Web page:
Erzan plans to use the $100,000 award to help support graduate students and to pay travel expenses for professional meetings.
"I am just a theoretical physicist who works in her corner and worries about such things as how complexity arises spontaneously, from interactions between simple building blocks," Erzan says. "Contrary to the reductionist approach, this means investigating certain global features that display a great deal of universality: cracks work similarly to earthquakes; the sudden flash of lightning is in fact very similiar, in its growth mechanism, to the spread of dampness in plaster, or to the growth of bacteria in a Petri dish, and forms similar patterns.
"Lately I have been working more on biologically motivated problems-after all, the greatest challenge is to try to understand how life started!"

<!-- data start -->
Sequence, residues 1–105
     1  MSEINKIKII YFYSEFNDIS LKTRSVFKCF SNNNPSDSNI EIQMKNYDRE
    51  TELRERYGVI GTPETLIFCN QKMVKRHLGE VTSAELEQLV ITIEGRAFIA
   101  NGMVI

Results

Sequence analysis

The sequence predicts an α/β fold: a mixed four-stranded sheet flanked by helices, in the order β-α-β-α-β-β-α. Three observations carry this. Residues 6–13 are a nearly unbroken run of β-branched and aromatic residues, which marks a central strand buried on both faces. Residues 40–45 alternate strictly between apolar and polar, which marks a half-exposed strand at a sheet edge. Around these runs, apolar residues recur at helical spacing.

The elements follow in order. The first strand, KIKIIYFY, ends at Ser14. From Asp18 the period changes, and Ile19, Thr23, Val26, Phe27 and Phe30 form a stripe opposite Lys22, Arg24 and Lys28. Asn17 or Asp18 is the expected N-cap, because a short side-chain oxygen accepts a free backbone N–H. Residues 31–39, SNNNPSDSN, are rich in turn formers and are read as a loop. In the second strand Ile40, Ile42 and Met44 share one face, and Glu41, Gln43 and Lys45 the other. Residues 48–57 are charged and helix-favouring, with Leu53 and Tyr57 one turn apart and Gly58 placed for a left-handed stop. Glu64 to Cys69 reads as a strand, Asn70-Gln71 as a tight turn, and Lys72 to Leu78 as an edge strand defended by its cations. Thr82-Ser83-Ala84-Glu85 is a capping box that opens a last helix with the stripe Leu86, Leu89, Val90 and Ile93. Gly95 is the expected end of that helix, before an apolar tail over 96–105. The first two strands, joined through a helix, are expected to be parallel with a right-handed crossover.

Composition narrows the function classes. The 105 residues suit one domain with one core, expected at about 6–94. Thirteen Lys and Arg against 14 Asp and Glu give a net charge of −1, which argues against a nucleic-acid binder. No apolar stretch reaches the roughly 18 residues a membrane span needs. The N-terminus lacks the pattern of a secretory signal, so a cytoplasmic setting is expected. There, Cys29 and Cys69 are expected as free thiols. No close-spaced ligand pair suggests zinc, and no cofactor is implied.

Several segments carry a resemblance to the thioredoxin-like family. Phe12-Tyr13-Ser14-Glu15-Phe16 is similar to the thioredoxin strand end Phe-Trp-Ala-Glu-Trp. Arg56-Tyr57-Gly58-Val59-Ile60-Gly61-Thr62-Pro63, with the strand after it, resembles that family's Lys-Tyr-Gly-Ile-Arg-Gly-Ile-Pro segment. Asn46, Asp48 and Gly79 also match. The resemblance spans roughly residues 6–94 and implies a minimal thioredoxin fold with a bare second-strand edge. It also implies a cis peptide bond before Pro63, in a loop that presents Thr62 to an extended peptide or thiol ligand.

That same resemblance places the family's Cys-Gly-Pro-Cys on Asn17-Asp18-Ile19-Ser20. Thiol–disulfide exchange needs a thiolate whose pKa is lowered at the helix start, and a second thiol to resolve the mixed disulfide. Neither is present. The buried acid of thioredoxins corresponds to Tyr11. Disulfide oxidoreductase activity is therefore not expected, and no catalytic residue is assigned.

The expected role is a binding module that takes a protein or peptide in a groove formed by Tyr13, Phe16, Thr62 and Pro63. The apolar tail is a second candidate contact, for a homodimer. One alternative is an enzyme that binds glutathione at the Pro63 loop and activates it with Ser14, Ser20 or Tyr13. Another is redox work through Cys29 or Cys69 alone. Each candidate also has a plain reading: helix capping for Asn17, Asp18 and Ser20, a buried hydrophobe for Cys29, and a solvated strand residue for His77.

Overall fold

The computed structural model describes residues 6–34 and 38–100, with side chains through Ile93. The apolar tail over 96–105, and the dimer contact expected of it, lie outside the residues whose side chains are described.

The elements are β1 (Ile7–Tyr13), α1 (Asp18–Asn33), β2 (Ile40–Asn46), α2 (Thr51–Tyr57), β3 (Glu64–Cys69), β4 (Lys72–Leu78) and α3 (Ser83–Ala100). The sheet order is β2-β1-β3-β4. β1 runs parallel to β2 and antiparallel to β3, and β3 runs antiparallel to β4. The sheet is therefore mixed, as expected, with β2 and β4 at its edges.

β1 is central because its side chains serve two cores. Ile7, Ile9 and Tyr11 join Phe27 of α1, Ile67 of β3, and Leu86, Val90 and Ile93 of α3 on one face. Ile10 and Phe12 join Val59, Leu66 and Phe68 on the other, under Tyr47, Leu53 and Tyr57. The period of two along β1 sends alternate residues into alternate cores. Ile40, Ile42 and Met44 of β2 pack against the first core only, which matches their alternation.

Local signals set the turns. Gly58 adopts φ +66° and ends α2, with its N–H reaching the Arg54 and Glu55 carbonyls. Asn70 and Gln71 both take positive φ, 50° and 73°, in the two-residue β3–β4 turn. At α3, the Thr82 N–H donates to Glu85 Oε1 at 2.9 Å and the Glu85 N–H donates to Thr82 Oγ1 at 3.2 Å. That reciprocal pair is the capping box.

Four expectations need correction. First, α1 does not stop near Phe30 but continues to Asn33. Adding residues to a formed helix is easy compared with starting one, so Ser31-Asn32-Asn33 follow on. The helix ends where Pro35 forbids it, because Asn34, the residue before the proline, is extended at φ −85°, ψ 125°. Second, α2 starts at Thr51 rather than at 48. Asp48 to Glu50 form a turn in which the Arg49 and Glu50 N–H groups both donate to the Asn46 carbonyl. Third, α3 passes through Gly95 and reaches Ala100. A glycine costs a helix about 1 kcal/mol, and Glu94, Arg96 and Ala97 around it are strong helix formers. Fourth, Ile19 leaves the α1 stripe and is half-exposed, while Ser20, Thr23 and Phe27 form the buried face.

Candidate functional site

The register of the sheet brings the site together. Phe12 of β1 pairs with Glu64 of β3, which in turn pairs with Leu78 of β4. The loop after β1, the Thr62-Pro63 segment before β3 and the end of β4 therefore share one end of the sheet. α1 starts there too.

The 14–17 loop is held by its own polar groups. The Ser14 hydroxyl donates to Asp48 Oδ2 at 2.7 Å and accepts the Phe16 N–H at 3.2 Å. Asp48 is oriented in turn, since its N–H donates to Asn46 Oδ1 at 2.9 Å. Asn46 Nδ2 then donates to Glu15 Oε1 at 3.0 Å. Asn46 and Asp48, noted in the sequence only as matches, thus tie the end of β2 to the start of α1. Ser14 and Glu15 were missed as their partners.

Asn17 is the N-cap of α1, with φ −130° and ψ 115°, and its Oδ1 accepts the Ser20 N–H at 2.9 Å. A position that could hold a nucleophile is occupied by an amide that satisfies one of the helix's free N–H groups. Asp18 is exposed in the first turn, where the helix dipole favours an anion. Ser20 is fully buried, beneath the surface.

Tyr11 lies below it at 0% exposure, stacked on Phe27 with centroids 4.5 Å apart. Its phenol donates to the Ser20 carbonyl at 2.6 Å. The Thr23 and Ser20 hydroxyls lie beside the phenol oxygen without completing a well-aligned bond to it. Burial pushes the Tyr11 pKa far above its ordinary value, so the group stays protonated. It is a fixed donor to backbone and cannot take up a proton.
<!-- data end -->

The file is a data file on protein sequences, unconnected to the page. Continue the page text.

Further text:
Erzan received her PhD from SUNY-Stony Brook in 1976. After graduation she returned to Turkey and joined the Middle East Technical University in Ankara, and a year later the Istanbul Technical University. "At this time I was active in the women's and peace movements," she says "Thus, after the military coup in 1980, I left the country and worked at various universities and research institutions, among which are the University of Geneva, University of Porto in Portugal, University of Marburg in Germany (as an Alexander von Humboldt fellow, with Siegfried Grossmann) and the University of Groningen.
"After a brief stint at the ICTP in Trieste I went back to my home institution, the Istanbul Technical University, in 1990. Since then I have been teaching and doing research at the ITU as well as at the Feza Gursey Institute for Fundamental Research, sponsored by TUBITAK, the Turkish equivalent of the NSF."
Erzan was elected a full member of the Turkish Academy of Sciences in 1997 and awarded the TUBITAK Science prize in 1997. She is on the editorial boards of the European Physical Journal B and The Journal of Statistical Physics.
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